Nearly one year ago, as the first detailed picture emerged of the true scale of the horror faced by residents of Ontario's long-term care system during the pandemic, a visibly emotional Premier Doug Ford vowed: "There's going to be justice."
Patients with ulcers with soiled sheets left bed-bound as COVID-19 tore through homes, dehydration, cockroaches and staff moving unit to unit in contaminated gear — those were just some of the unsettling images contained in a Canadian Armed Forces report into five of the province's long-term care facilities. The findings prompted widespread public outcry.
In the face of it all, the premier vowed a full investigation, with the details to be turned over to police who could lay criminal charges if warranted.
"The government has already begun an active investigation," the province said in a news release last May.
Now, it turns out, that didn't happen.
During a news conference Wednesday, Solicitor General Sylvia Jones told reporters, in response to question by a QP Briefing reporter: "Investigations would not happen at a provincial level or a ministry level."
"They would be the purview and the responsibility of either the local police departments or in some cases, they would refer it to another division, another police operation."
In its news release announcing an investigation last year, the province said one death had been referred to Office of the Chief Coroner for investigation. "Specific critical incidents" in the report were referred to the Ministry of Long-Term Care's inspections branch.
In a statement Thursday, a spokesperson for Jones said it was the deputy solicitor general who provided the report to the coroner's office.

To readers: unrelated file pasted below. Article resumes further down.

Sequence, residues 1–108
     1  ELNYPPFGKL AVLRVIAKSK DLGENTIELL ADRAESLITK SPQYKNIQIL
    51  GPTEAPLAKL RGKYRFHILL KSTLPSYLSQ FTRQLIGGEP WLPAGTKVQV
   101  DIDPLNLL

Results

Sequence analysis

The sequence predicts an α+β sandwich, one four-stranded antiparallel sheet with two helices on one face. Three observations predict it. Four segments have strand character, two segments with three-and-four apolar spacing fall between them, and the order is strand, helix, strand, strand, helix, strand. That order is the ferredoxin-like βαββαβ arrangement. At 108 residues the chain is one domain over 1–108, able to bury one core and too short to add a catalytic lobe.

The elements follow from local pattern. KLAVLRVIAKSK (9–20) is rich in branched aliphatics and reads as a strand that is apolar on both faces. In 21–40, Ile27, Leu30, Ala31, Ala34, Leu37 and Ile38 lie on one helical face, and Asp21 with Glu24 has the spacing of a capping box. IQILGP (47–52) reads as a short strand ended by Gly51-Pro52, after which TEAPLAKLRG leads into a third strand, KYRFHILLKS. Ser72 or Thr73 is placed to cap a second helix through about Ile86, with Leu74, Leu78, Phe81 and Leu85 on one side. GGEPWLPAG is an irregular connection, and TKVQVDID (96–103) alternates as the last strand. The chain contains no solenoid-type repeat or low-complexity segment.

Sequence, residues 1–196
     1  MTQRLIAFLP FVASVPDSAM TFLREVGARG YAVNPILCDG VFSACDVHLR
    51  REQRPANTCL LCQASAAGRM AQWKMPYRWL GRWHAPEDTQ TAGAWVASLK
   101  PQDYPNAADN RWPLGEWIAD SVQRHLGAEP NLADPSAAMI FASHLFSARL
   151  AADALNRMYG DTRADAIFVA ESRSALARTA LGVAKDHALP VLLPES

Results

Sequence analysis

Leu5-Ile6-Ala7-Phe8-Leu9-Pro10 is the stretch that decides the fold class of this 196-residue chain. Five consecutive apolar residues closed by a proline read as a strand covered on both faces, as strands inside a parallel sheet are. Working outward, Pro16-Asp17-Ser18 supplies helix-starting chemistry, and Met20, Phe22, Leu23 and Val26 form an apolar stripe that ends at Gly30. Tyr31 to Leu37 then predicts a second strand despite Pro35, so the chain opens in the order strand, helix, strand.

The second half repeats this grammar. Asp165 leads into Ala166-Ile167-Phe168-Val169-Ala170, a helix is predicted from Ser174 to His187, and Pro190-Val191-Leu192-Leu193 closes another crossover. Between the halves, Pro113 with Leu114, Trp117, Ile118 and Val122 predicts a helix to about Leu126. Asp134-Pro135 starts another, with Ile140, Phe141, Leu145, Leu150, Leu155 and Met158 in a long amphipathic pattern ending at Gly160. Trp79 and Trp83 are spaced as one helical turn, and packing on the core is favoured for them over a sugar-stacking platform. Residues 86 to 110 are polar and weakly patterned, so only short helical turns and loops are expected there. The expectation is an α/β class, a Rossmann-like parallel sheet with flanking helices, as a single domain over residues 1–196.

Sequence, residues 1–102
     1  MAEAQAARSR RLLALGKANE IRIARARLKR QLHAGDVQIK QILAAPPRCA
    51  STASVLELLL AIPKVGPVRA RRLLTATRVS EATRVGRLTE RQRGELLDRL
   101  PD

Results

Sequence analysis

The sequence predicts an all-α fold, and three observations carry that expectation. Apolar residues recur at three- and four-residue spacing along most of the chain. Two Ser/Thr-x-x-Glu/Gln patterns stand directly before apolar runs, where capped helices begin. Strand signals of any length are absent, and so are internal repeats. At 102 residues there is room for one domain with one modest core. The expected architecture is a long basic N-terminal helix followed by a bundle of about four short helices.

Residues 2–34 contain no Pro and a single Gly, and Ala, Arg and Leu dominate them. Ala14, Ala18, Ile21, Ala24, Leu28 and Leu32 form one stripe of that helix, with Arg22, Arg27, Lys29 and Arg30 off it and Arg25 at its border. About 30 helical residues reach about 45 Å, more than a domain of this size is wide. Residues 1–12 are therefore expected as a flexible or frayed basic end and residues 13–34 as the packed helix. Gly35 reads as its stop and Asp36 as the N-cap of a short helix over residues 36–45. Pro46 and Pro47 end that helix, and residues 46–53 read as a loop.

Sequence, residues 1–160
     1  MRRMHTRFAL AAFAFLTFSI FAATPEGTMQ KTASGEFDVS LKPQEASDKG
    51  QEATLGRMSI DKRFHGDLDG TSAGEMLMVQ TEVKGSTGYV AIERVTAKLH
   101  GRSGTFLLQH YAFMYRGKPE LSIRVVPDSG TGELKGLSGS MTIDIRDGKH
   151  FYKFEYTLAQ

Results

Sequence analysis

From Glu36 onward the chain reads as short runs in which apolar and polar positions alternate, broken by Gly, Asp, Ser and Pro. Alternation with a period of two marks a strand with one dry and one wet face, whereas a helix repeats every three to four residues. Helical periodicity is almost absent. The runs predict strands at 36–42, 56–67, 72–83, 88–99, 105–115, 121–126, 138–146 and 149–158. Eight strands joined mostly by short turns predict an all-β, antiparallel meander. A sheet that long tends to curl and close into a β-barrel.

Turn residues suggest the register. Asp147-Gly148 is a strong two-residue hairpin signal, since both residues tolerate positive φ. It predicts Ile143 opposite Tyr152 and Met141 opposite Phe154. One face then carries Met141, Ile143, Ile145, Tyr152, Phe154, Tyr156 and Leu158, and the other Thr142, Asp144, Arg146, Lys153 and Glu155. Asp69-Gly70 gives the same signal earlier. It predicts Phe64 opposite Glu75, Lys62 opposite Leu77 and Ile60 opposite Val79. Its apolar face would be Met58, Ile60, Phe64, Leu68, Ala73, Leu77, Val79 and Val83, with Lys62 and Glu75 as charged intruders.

"Should there be any criminal concerns during a death investigation, the coroner would bring them to the attention of the police. The Office of the Chief Coroner does not have the authority to lay criminal charges," said spokeperson Stephen Warner.
'They died when all they need was water and a wipe down'
In a letter to Ontario Provincial Police Commisisoner Thomas Carrique Thursday, Opposition Leader Andrea Horwath called on the police force to "evaluate" whether instances of lack of water and personal care documented by armed forces and the Long-Term Care COVID-19 Commission "constitute a case for criminal charges."
"As I read of 26 seniors perishing not from COVID-19 but from a lack of water and personal care, my heart broke. I thought we had heard the worst of things, but I was wrong," the NDP's Horwath wrote. "I entrust your force to make a thorough evaluation, and to lay charges where necessary," she said.
The commission, which unveiled its final 322-page report Friday night, said that by the time the armed forces arrived at the homes identified as most in need of attention, "they found deplorable conditions."
"It was noted by ACCT [augmented civilian care team] that 26 residents died due to dehydration prior to the arrival of the CAF team due to the lack of staff to care for them," the report quotes one member as saying.
"They died when all they need was 'water and a wipe down.'"
OPP not currently investigating
But as of Thursday, OPP spokesperson Bill Dickson told CBC News he wasn't aware of any ongoing investigations into deaths at nursing homes in the province related to COVID-19.
Durham Regional Police Services spokesperson George Tudos confirmed an investigation is happening in that region but declined a request for an interview.
"We are reviewing the details of the Ontario's Long-Term Care COVID-9 Commission report released on April 30, 2021 and this remains an ongoing investigation. We don't have anything further to add at this point," he said.
The commission concluded Ontario had no plan to protect long-term care residents amid the pandemic, citing chronic underfunding, staffing shortages and poor oversight.
The commissioners also said Dr. David Williams, the province's chief medical officer of health, in particular, was too slow to act on emerging information about COVID-19.
Workers in the long-term care sector were described making personal protective equipment out of "pop bottles and plastic bags" because regular masks were in such short supply.
Earlier Friday, Ford said he welcomed the commission's report, as difficult as it would be to read.
"What happened in our long-term care homes, it was tragic," he said. "And it was terrible. But most of all, it can never be allowed to happen again."
With files from The Canadian Press
Credit belongs to : www.cbc.ca